In strongest terms, we urge upon
you this fact: "Preparedness" and
compulsory military training are NOT
identical. Those who favor the pro-
posed plan, believing that it will pro-
duce "preparedness," have sought so
to identify these two. We quote from
the remarks of Professor Hobbs, "The
principal object of military training
here at the university, would be to
supply company officers." We believe
that we have demonstrated that the
whole question of compulsory training
is primarily one of university policy,
of university ideals, and we protest
that the identification of the two,
"preparedness," and military training
under the proposed plan, only be-
clouds the issue.
If, however, you must express an
opinion on "preparedness,' we urge
you to consider carefully the points
made by Professor Lloyd:
First, "military training is not con-
sistent with the specific purpose of a
university, or with a desirable division
of labor in the making of citizens for
war or peace."
Secondly, and more positively, he
says, "The function of the specific
training of soldiers belongs normally
to the central government. The cen-
tral government, then, should assume
the undertakings in toto, including the
not small item of expense. If the thing
must be done, let it be done right. Im-
pulsive, sporadic effort at a college
here and a university there may still
be commendable, but it is also feeble
and even at times, as one thinks of it,
pathetic. Let the universities, if they
would lead-for once-in something
big, lead by insisting that the central
government do its duty."
The foregoing, men of Michigan, are
the facts. We believe that a decisive
vote on the part of the student body
will have great weight with the board
of regents. We appeal to you to con-
sider carefully before you assist in
committin4 the university to an un-
dertaking which at best is no more
than an inefficient means to a ques-
L. E. CROSSMAN, Grad.
Badgers Want Uarvard Star for Coach
Wisconsin is after a Harvard star
athlete to coach its football team for
the 1916 season in case Coach Dobie
of Washington university does not sign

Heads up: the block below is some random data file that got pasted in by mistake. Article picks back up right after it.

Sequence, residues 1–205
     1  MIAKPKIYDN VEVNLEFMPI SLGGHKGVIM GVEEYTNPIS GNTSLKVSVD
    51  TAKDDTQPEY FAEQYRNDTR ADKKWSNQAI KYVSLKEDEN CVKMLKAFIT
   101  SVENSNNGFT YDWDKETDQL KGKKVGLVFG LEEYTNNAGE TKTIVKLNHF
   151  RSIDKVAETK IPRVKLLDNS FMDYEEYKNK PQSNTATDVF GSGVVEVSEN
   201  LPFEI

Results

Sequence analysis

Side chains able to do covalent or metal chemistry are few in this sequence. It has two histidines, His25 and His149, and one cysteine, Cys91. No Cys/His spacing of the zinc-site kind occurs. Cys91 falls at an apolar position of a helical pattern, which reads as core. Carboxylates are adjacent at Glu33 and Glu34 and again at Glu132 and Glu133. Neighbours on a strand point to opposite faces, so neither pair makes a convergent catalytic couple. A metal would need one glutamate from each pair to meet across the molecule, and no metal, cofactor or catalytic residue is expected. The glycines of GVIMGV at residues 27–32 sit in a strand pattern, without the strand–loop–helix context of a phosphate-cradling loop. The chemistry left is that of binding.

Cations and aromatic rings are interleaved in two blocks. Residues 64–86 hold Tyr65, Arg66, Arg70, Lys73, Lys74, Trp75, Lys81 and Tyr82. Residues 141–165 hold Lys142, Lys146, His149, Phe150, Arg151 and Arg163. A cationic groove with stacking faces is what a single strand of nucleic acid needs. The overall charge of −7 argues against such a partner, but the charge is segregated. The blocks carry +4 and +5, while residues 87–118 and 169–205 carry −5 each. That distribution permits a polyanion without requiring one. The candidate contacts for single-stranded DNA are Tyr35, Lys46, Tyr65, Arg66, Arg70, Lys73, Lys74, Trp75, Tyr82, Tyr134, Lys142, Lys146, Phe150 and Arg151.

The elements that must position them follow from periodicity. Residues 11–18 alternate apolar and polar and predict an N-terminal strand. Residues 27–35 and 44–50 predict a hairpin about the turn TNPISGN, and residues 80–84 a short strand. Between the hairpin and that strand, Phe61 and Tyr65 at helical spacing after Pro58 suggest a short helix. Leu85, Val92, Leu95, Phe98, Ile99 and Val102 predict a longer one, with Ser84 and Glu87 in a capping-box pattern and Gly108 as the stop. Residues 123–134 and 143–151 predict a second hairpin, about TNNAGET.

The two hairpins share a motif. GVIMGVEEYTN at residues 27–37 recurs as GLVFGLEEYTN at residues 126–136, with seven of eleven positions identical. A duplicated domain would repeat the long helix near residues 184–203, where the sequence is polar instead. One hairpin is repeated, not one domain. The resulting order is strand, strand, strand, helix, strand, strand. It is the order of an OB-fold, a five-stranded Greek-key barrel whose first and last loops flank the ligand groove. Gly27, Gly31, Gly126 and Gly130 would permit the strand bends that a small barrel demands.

with the Badgers. "Charlie" Brickley
and "Eddie" Mahan are the Harvard
nen who are rumored to be sought af-
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Students, for the most safe, speedy,
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PRISONER ATTEMPTS SUICIDE - -
County Jail Captive Makes Unsuccess- Women's Organizations
ful Effort to Take Life r - -. __,
Emil C. Rappold who was arrested
by Sheriff Lindenschmitt, late Satur-
day night, on a charge of carrying
concealed weapons, made an unsuc-
cessful attempt to end his life Sun-
day night about 11:00 o'clock in the
He had been arrested at the instance
of his wife who claimed that he had
made threats on her life. When he
was taken in charge by the sheriff he
made an effort to use an automatic
pistol, which was taken from him.
Sunday afternoon he had a talk
with the officers, during which time
he became very penitent, and the
sheriff promised to do what he could,
for him, by having Prosecutor Carl
Lehman call on Monday morning.
This seemed to satisfy Rappold, and
he went back to his cell quite con-
About 11:00 o'clock, Rappold was
discovered in an unconscious condi-
tion with a strap fastened around his
neck, and suspended from the bars
of his cell.
The sheriff immediately called Dr.
Conrad Georg and with the aid, of a
pulmotor, 'the man was finally resus-
Later in the morning after the pa-
tient had awakened he told the sheriff.
that he had taken a "wonderful trip."
Tryouts for "The Business Meeting"
to be staged by Masques on December
17 will be held this afternoon from
3:00 to 5:00 o'clock in Sarah Caswell
Angell hall. All university women, in-
cluding freshmen, are eligible.
Stylus will meet tonight at the
Kappa Alpha Theta house at 7:30
Dean Myra B. Jordan and Mrs. John
Effinger will be at home to university
women this afternoon from 4:00 to
Sophomore girls will hold an im-
portant meeting in Sarah Caswell An-
gell hall next Thursday at 5:00
Senior society will meet at 7:30
o'clock tonight at Westminster House.
All fresh fits who have not paid
their class dues may pay them this
afternoon from 2:.00 until 5:00 o'clock
at the athletic counter in University
Christmas is near. A photograph
of yourself will be appreciated by
your friend. Make your appointment
at once at Hoppe's studio. 619 E.
Liberty St. nov28,30, del
2255 2255 2255 2255
baseball team report at 7:15 tonight
in the gym
Portraits of merit. Make an ap"-
pointment for a sitting at Hoppe's
studio. 619 E. Liberty St.
EVERYTHING A STUDENT NEEDS
he udent uore
ut.1 111 S. University Ave. Opposite Engineering Arch Phone 1160-R